P. Kapitanova (St. Petersburg National Research University of Information Technologies, Mechanics and Optics) with co-authors designed a dielectric resonant antenna intended for a coherent manipulation over a large ensemble of NV enters in a diamond. The antenna has the form of a hollow dielectric cylinder 12.5 mm in diameter and 6 mm in height. A diamond with NV centers was placed inside the cylinder on its axis. A resonance electromagnetic mode with frequency of 2.84 GHz is excited by a conducting loop at the antenna’s pedestal, the magnetic field inside the cylinder being homogeneous to a high degree of accuracy. Owing to this fact, the electron spins of NV centers are well synchronized, which strengthens the output optical signal. The Rabi frequency of 10 MHz was reached and was constant along the sample to an accuracy of 1 %. Such an antenna can be used in ultrasensitive sensors. Source: Ïèñüìà â ÆÝÒÔ 108 625 (2018)

Optical Gyroscope

The operation of optical gyroscopes is based on measurement of the phase difference of light beams that passed along a ring waveguidein two directions (for the Sagnac effect see Phys. Usp. 45 793 (2002) and Phys. Usp. 57 714 (2014)). Optical gyroscopes have no mobile mechanical parts, but their sensitivity is limited by thermal fluctuations and fabrication mismatch. P.P. Khial, A.D. White and A. Hajimiri (California Institute of Technology, USA) demonstrated a new construction of the optical gyroscope with sensitivity higher by 1-2 orders of magnitude than that of optical fiber gyroscopes and has only 2 mm2 in area. In the new device, being driven by an electronic switch the optical inlets and outlets change places, and a pair of rings is used. Slow thermal fluctuations affect similarly the light propagating in both directions, and therefore the switch of directions counterbalances the influence of fluctuations. Being small, the new gyroscope can be integrated in different mobile devices. Source: Nature Photonics 12 671 (2018)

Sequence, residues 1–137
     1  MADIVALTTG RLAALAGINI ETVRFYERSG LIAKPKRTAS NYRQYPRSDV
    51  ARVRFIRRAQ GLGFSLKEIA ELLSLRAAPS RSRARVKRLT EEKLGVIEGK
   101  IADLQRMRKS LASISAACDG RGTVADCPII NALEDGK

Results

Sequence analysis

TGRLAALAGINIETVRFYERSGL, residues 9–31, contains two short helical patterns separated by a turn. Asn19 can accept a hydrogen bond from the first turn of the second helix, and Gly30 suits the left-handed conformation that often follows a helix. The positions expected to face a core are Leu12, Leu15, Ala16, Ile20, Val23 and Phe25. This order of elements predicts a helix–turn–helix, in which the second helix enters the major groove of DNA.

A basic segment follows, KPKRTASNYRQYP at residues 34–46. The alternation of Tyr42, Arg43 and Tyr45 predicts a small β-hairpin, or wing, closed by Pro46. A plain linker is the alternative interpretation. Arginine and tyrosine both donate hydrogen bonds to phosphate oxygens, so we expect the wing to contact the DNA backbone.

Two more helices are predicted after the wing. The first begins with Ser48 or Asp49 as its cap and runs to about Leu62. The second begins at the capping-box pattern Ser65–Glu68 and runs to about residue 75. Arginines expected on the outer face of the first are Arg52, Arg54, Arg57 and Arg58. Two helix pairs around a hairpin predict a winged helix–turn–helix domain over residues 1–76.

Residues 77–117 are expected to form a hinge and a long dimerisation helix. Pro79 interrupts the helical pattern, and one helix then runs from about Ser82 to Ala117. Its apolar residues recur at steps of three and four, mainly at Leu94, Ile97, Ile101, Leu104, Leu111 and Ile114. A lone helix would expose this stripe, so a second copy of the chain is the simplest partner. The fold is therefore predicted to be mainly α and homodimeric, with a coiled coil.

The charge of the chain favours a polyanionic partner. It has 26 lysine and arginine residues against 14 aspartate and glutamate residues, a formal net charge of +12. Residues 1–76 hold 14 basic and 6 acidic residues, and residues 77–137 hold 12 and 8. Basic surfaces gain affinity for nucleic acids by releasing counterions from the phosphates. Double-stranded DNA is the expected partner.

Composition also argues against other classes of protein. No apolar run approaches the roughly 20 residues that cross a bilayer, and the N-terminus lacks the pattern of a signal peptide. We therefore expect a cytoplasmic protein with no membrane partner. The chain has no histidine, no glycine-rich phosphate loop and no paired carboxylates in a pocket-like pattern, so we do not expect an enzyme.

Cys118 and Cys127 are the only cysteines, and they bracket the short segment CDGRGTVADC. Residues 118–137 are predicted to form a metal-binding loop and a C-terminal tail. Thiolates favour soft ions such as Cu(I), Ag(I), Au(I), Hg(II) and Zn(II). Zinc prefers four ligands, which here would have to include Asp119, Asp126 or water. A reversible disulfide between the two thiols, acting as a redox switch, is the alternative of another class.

An assembling galactic cluster in the Early Universe

The observed galactic clusters occurred rather recently at red shifts z<1-2.5. In earlier epochs, galactic clusters were very rare, but there existed their predecessors, namely, nonvirialized regions (those that have not reached gravitational equilibrium) with a heightened concentration of galaxies, i.e., protoclusters. The properties of protoclusters are of interest, in particular, for inhomogeneous reionization models. L. Jiang (Peking University, China) with co-authors implemented the search for protoclusters at z>5. Chosen were candidates from the review of galaxies Subaru/XMM-Newton, which were then examined by a spectrograph on 6.5-m Magellan telescopes in Chili. This method was used to investigate the region on the celestial sphere 4 square degrees in size, and a giant protocluster of galaxies at z=5.7 was revealed. It has a mass of 3.6 × 1015M and occupies a volume of 35×35×35 comoving Mpc2. Source: Nature Astronomy 2 962 (2018)

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The Extracts from the Internet is a section of Uspekhi Fizicheskih Nauk (Physics Uspekhi) — the monthly rewiew journal of the current state of the most topical problems in physics and in associated fields. The presented News is devoted to the fundamental discoveries of physics and astrophysics.

Permanent editor is Yu.N. Eroshenko.

It is compiled from a multitude of Internet sources.